One thing about how green was my valley or in this case how green are my windows is the constraints of making things in minature. A slight greenish tint in windows for instance might not be achievable without a lot of mucking about to get it, where as a standard green used for other things is easily got, so you use what is available and it might look wrong to you. It might be but unless they get the clear green plastic specially made up will go the price of the model to cover it. Getting it dead right also in the model is going to be hard to achieve anyway as everyone see's colours different and this includes who ever works out what the think is the right recipe for the green tinted windows.
One other thing is also fully prototype colours do not sit really well on a model 87 times smaller than the original prototype, you cannot really make colours 87 times different to the real thing it just will not work, you cannot really scale down colours to any great degree. You will find this out one day by getting some real paint samples for something and then painting you model one with it, it will not look right to you, I have seen it done and it was as I stated it just did not look right, but a similar colour a shade or two either way from that colour might look more correct and less overpowering colour wise.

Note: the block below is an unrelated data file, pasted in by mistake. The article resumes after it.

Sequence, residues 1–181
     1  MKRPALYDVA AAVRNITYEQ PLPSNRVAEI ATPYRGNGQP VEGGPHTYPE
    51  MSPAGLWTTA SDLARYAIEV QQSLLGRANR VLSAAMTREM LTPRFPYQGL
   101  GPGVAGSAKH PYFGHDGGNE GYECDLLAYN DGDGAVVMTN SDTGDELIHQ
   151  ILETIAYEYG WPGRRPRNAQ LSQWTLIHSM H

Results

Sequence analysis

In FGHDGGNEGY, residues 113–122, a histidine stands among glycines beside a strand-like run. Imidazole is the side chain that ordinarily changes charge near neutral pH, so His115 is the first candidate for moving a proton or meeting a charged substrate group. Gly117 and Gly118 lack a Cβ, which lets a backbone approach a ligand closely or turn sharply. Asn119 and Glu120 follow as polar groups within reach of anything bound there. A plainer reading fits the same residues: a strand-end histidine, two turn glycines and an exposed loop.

Also some colours just do not look right on a model, yellow or gold is one such no matter what you do there it will nearly always look wrong, so in comes the art of compromise in cases like that, you know it looks wrong but Joe Blow your best friend and fellow modeller thinks it is the Bees knees. It can also depend on the base colour that some colours go over as well a yellow over a blue will tend to give the yellow a greenish type of tinge.
Yellow goes best over a white undercoat while other colours will go perfectly well over a gray undercoat.
But as I said we all see the colours differently and light can change a colour as well even on the prototype.